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Passengers left waiting at Austin's airport after rare FAA ground stop

People wait in lines with their luggage at the Austin-Bergstrom International Airport.
Nathan Bernier
The Federal Aviation Administration asked all airlines to stop planned flights until 8 a.m. Wednesday while it worked to resolve a system outage.

Most flights out of Austin-Bergstrom International Airport (ABIA) were delayed Wednesday after the Federal Aviation Administration temporarily halted all air traffic in the United States.

ABIA had 235 delayed departures and 38 cancelations, according to the flight tracking site FlightAware. Airport officials say ABIA has been averaging 250 departures a day in January.

The FAA asked airlines to stop all departures Wednesday morning while the federal agency worked to fix a communication system used by pilots, leaving the skies over Austin unusually empty for a weekday morning.

A map view of flights in the sky around Central Texas. Only a couple planes are visible over the green satellite view of Earth.
Planes were strangely absent over Austin this morning, as shown in this flight tracker map at at 6:54 A.M.

The ground stop was lifted just before 8 a.m., but ABIA officials said people should expect delays as airlines work to clear a backlog of flights.

Travelers at Austin's airport were mystified.

"When did the FAA get all of the sudden crazy like this, everything getting canceled?" asked AJ Mancabelli, a guitarist with the Austin band Thunderosa that was heading to Brussels for a European tour.

The band scrambled to get to the airport after American Airlines rebooked them on an earlier flight. Then the rebooked flight was delayed.

"Leaves us more time to sit at the bar," Mancabelli said.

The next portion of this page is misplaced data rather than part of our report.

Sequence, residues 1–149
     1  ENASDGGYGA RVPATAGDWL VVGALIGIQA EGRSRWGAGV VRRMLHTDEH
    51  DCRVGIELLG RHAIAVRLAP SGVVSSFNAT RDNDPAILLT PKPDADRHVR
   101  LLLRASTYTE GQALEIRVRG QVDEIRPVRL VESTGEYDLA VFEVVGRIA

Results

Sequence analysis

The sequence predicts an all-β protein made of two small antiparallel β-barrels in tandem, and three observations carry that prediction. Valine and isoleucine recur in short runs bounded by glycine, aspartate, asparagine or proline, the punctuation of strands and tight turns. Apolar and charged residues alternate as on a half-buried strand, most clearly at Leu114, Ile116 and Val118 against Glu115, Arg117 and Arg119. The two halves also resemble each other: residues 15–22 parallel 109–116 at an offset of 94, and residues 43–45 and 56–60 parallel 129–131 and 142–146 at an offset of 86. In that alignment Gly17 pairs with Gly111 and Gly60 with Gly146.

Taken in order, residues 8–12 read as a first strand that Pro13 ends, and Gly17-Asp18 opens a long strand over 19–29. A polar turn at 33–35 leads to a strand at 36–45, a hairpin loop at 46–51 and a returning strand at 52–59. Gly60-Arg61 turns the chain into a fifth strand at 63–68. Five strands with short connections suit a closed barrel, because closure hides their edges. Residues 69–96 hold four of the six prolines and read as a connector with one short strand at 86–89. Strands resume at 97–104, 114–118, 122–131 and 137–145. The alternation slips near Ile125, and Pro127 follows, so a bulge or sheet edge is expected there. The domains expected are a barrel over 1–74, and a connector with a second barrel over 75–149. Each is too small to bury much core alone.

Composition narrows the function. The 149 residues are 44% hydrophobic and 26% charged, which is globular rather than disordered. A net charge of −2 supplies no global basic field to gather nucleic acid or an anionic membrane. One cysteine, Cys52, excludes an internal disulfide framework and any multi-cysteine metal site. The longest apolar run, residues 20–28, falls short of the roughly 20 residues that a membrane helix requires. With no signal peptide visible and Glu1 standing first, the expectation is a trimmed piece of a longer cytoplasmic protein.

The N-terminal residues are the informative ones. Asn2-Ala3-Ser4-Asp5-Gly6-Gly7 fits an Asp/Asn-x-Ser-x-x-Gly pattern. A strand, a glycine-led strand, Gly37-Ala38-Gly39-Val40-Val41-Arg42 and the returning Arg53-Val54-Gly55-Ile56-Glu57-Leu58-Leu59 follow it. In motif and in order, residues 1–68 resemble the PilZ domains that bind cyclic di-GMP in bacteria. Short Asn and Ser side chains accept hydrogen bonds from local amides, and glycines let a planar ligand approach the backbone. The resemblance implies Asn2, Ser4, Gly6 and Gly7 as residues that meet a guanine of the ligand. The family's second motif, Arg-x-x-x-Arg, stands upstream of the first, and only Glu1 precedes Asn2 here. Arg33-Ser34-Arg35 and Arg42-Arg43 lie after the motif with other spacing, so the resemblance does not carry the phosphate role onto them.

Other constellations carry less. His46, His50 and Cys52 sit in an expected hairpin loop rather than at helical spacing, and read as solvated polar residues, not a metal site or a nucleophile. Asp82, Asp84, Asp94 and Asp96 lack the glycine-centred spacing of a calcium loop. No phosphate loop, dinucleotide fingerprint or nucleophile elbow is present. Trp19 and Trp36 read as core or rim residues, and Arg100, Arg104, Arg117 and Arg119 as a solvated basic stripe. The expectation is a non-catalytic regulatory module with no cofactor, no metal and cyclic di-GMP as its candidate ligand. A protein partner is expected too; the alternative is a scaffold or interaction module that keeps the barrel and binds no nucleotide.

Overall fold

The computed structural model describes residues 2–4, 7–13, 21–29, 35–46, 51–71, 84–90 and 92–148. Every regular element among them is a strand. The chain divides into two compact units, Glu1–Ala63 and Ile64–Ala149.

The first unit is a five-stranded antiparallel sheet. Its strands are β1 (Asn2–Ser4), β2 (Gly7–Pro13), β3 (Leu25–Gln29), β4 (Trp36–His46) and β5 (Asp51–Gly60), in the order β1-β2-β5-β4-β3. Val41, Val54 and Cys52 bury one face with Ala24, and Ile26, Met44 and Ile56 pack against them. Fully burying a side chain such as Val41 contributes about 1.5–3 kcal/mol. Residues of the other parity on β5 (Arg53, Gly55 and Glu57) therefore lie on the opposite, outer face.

The FAA has not explained what caused the computer meltdown. White House press secretary Karine Jean-Pierre said there was "no evidence of a cyberattack at this point," but added the U.S. Department of Transportation would "conduct a full investigation into the causes."

ABIA spokesperson Bailey Grimmett said people should still check in for their flights and keep an eye on their status through their airline.

"We are still recommending people come to the airport to check in as regular just because we don't know how this will impact flights," she said.

The largest carrier out of ABIA is Southwest, which claims 41% of ticketed seats out of Austin. American Airlines is second with 26%.

Southwest said it would rebook all customers on the next available flight at no extra cost. People who can't travel because their flight was canceled or delayed significantly can get a refund in accordance with the airline's customer service plan.

On Wednesday morning, some delayed passengers were lounging by the ticket counters, taking the slowdown in stride.

"What can you do? Stuff happens," said Austin-area resident Petra Lawrence, whose 11 a.m. flight to North Carolina was delayed by at least an hour. "I'm used to it."

Haya Panjwani is a general assignment reporter, with a focus on Travis County. Got a tip? Email her at Follow her on Twitter @hayapanjw.
Nathan Bernier is the transportation reporter at KUT. He covers the big projects that are reshaping how we get around Austin, like the I-35 overhaul, the airport's rapid growth and the multibillion-dollar transit expansion Project Connect. He also focuses on the daily changes that affect how we walk, bike and drive around the city. Got a tip? Email him at Follow him on X @KUTnathan.
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